To cut a long story short I did make it and I got very lucky with the baggage handlers who helped my models survive largely intact. Phew! Anyway, that’s probably all you want to hear about it here. If you have any further questions ask here or on flickr.
And as for the floods: my friends and family are all fine, my girlfriend got stuck on holidays for an extra three days by a flooded road and the city is a mess. Luckily the loss of life in Brisbane was very low but some nearby towns were destroyed by an ‘inland tsunami’ which killed many. Still, compared to those in Rio state we got off lightly.
When I first saw the Crimson Permanent Assurance section of Monty Python’s Meaning of Life when I was a kid it simply blew my mind. This Cafe Corner standard version by gotoAndLego does the same.
It’s a pretty imposing structure and fairly close to the appropriate architectural features for the building. I would find this thing crewed by elderly clerks driven mad quite intimidating if it drifted past my office.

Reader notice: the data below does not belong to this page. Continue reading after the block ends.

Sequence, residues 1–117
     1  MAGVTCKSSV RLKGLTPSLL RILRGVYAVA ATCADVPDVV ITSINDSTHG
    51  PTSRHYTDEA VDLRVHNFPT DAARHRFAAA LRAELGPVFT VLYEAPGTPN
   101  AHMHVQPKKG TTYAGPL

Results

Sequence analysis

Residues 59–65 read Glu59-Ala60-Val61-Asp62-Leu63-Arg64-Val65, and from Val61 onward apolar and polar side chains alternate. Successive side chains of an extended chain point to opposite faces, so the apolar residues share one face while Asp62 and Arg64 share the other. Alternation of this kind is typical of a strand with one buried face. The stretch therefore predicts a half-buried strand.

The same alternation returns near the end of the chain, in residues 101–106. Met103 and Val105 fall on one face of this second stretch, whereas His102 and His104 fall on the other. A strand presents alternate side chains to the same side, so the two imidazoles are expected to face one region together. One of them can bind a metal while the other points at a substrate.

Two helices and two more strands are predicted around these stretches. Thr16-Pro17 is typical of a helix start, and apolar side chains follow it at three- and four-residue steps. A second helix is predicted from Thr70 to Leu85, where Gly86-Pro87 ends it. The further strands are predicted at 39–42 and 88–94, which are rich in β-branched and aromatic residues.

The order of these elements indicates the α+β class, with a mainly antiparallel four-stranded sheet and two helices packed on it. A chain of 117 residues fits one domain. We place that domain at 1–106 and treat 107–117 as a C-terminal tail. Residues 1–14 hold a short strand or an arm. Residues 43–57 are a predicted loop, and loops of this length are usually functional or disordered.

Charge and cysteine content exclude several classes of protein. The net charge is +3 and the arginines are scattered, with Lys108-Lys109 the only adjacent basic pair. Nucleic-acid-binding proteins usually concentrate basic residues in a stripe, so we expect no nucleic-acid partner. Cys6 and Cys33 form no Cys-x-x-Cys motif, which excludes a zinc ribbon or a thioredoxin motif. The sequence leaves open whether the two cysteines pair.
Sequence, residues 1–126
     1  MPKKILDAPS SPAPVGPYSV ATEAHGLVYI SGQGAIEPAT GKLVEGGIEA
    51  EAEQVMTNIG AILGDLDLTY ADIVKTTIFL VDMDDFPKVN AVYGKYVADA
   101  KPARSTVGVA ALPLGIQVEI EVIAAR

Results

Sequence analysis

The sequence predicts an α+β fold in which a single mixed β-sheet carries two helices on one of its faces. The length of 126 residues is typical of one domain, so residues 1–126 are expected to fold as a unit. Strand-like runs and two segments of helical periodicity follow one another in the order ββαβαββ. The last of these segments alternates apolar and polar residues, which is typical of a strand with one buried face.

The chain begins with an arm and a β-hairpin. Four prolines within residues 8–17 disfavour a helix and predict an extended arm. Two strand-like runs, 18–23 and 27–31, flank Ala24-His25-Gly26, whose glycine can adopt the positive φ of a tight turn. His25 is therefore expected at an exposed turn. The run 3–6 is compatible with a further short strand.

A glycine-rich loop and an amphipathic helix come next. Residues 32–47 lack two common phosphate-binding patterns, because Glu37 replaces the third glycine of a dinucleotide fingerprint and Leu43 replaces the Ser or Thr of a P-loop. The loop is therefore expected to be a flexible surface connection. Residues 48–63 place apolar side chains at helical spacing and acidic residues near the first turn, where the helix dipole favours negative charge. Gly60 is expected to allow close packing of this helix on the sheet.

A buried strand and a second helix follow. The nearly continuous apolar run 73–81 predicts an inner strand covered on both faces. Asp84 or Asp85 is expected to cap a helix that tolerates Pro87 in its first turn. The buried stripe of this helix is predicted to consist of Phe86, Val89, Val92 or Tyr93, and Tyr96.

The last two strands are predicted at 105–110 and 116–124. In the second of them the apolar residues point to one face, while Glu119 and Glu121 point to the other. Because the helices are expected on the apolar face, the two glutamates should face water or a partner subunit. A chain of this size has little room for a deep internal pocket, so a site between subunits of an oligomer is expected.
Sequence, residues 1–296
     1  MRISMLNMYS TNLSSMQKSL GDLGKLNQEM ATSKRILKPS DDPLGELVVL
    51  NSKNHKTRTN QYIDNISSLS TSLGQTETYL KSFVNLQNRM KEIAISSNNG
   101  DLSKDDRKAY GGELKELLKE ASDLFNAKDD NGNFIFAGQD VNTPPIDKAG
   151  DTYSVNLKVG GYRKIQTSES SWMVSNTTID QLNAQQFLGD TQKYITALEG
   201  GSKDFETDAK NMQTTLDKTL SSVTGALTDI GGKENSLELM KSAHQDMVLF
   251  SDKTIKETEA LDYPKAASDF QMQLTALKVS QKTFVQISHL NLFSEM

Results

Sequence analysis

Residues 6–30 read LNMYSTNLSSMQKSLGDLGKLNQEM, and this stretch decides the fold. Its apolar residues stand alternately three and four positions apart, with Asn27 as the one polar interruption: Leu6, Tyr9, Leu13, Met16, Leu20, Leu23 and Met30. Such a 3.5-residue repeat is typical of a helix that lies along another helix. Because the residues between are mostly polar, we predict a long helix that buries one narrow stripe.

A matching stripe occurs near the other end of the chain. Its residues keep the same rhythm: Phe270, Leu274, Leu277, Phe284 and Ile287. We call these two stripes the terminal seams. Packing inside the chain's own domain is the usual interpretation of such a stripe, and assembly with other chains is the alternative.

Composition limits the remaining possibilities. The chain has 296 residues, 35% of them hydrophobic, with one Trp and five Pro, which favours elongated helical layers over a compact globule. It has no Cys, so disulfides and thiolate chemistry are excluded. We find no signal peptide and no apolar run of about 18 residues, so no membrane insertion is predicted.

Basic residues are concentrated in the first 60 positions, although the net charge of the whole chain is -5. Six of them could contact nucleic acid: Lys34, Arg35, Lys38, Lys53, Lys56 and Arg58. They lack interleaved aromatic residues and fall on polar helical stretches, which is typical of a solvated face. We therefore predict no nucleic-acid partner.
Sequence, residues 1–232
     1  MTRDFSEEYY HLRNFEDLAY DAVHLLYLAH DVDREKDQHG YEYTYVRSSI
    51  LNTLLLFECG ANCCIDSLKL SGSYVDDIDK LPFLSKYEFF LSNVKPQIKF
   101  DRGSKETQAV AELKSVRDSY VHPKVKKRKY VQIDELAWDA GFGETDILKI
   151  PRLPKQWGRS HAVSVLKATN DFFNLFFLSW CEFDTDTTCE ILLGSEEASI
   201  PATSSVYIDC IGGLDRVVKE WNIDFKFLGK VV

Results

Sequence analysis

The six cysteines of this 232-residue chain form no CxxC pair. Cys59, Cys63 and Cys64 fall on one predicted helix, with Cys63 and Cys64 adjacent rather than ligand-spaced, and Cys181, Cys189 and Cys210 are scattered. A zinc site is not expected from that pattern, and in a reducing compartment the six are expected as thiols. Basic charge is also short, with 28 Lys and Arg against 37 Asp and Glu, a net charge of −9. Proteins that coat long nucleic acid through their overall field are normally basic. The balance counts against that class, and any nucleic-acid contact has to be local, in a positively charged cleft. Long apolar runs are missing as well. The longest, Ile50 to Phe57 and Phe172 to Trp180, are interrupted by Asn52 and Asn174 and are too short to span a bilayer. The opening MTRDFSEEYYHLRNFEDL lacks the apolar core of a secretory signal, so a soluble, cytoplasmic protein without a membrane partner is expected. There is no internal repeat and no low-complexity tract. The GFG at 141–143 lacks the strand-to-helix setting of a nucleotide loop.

Many Cafe Corner style buildings begin to look the same after a while, but not this one by Barney Main (SlyOwl). I haven’t seen many dilapidated buildings, so it’s always refreshing to see something so old (as in run down). The bars on the windows are a great effect despite being simulated from tape. The mannequins inside are just creepy, and they probably come to life at night.
Dave Sterling shows dark red some modular love with this lovely city corner building, which illustrates the kinds of realistic, repeated patterns you can achieve by using many of the same parts.
Click through to MOCPages to see this beauty light up the night.